Sphinx Moth Pollinations for the Endangered Western Prairie Fringed Orchid, Platanthera Praeclara in Manitoba, Canada
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Westwood, A. Richard
Borkowsky, Christie L.
A. Richard Westwood and Christie L. Borkowsky, "Sphinx Moth Pollinations for the Endangered Western Prairie Fringed Orchid, Platanthera Praeclara in Manitoba, Canada," Journal of the Lepidopterists' Society, 58(1) (2004): 13-20.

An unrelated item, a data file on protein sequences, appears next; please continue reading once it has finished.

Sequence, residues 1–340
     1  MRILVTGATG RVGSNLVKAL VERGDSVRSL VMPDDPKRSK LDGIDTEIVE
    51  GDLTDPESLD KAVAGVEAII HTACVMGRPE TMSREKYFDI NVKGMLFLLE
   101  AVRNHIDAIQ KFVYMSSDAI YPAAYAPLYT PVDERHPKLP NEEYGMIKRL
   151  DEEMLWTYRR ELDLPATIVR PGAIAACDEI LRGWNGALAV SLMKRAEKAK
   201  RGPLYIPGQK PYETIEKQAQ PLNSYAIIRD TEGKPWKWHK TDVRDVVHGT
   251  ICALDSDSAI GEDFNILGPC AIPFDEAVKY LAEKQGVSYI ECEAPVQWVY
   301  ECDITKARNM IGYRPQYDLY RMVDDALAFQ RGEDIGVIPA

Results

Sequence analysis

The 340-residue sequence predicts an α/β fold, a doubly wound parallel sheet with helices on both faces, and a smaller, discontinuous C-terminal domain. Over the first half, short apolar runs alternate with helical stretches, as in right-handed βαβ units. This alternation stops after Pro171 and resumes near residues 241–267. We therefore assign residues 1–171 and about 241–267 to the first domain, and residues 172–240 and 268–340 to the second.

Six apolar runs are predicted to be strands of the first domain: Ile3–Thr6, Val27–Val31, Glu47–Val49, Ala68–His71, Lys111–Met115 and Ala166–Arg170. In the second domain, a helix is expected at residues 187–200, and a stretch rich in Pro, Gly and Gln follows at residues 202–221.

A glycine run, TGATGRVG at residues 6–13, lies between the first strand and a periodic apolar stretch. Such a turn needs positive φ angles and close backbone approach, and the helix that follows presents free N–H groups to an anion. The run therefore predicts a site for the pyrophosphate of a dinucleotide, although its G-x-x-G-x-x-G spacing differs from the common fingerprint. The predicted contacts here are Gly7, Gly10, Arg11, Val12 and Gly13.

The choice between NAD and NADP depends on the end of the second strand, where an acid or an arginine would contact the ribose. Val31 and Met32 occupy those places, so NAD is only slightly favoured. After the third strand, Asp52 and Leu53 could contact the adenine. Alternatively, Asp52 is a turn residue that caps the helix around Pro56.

The western prairie fringed orchid, Platanthera praeclara (Sheviak & Bowles), is an endangered species in North America. In Manitoba orchids produce lower numbers of seed capsules than more southern populations. Exploration of the pollination biology for P. praeclara is critical to preserve this endangered species. This study identified the pollinators of P. praeclara using cone and malaise traps and tested the effectiveness of marking pollinators with traces of Day-Glow® orange marker powder. Although Lepidoptera were numerous in orchid plots during daily observation periods, including day flying Sphingidae, none were pollinators for P. praeclara. Among the 5856 insects from 49 families captured over 45 trapping days, six sphinx moths, two specimens of Hyles gallii (Rottenburg) and four specimens of Sphinx drupiferarum J.E. Smith (Sphingidae), were found with two or more orchid pollinia attached to their eyes and were confirmed as pollinators of P. praeclara. S. drupiferarum is uncommon in southern Manitoba and H. gallii appears to be a less efficient pollinator than S. drupiferarum. Proboscis length, eye width and flight period may influence the efficiency of biotic pollination of the orchid.